Bruce: Okay, well, I'll try to do that and I'll be, I'm not brief enough, Genia. You can, feel free to interrupt me and say, “Okay, that's enough.”
Genia: Okay, fair enough.
Bruce: I'm close to celebrating, I guess you could say that. Next year will be my 50th year of working actually in this field. So, 49 years as of this year. And I started like many did, given my age and generation, working in the facilities for people with intellectual disability and challenging behaviors. Children and adults was introduced to a Wolf Wolfensberger at a relatively early point in my career, which basically moved me in the direction if you want a really both attempting to liberate people from those facilities. And then I'm working to enable people to have good lives in community. Probably, my affinity if you want or calling has really been to work with families a period of time now. So, quite conceivably, I've worked personally with thousands of families over these decades and held a variety of different positions in the field.
Bruce: And probably, most recently I've just left after a little over 25 years of being the CEO of Inclusion Alberta. I'm now the CEO ex-officiate which means I work less. But it's sort of a way of saying that, you know, sort of old but can't quite get rid of me yet. So, still hanging around, giving advice, doing training, trying to do a little more writing. It was about 15 years, I think, in the field. And I met Donna, my wife, when we worked together in the early seventies. And in, I think it was about 1985, we'd already had a son actually and wanted to always, you know, have more children. But we had been committed to actually at least next adopting a child with special needs.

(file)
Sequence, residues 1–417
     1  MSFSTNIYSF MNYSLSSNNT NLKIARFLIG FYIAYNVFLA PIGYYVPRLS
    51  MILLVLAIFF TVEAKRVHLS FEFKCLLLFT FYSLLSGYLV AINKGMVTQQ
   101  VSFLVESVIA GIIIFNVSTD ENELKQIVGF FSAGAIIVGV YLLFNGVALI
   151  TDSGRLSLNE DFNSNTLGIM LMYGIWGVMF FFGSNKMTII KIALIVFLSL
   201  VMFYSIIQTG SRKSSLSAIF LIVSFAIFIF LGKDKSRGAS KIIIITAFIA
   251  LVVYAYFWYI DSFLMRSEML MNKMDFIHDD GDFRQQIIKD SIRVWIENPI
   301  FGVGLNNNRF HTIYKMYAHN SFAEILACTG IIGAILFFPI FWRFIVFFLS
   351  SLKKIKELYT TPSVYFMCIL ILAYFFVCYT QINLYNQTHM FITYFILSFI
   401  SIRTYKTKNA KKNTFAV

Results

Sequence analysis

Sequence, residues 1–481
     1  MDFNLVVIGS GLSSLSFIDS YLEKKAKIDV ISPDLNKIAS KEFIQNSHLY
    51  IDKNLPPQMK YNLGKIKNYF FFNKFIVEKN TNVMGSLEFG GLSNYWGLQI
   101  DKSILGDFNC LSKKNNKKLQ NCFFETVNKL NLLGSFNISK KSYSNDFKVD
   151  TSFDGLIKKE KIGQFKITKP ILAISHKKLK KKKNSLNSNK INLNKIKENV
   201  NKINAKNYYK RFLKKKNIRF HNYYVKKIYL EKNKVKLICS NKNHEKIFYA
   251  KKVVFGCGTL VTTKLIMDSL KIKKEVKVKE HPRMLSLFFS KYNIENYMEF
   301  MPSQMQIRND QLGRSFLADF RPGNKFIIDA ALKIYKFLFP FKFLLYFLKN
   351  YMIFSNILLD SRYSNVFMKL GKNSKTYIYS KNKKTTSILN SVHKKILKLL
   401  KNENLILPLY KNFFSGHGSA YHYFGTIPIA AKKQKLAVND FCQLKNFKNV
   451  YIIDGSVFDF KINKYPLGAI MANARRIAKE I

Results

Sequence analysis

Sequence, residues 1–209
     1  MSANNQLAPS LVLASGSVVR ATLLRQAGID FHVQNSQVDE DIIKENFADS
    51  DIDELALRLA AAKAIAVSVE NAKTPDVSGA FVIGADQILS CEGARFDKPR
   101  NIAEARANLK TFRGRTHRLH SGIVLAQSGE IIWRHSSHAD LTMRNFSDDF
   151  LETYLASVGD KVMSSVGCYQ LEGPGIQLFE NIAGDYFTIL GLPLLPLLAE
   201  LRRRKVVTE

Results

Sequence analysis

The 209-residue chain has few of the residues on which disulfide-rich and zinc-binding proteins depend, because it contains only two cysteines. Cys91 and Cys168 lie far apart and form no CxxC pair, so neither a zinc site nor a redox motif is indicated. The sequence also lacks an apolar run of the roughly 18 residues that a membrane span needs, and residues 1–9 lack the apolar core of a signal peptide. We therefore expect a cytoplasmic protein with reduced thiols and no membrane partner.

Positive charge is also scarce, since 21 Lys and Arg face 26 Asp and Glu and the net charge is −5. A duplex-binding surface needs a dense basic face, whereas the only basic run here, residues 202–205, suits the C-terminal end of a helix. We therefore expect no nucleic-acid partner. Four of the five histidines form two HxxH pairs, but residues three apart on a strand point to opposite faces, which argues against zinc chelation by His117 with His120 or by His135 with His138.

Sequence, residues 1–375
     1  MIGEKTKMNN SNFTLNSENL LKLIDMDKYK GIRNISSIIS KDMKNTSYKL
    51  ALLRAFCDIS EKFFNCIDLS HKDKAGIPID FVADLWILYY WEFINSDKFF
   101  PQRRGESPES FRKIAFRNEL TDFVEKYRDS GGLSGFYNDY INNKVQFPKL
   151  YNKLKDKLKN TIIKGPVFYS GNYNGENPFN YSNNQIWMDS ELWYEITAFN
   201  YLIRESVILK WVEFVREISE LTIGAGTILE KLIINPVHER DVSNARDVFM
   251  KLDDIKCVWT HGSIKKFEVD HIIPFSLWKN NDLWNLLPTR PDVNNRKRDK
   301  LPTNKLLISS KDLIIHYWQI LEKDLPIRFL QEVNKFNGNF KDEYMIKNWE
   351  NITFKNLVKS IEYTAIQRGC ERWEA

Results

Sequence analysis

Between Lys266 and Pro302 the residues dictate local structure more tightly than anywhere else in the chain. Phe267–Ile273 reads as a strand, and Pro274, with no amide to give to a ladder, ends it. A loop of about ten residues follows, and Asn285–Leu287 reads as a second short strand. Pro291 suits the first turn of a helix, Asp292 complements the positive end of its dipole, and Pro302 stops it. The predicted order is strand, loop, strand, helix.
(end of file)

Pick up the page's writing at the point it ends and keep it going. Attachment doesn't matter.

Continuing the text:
Bruce: And that had just been something that was important to us as a couple. And so, in 1985, we actually adopted Todd, my older son is Jared. Todd was somebody I met because I had the practicum students I was teaching at college for a number of years. I had practicum students, different placements that included early intervention or childhood programs. In this instance, they were actually segregated programs where I had students and I would ask around as I went to that pro, those practicum placements, to supervise students if anyone knew a child that needed a family. Someone said to me, “The head of that program, he needs a family. You can't see me pointing, but he needs a family. He's the most difficult child we've ever worked with.” And I said, “Okay. We'll see if it's possible to adopt them.”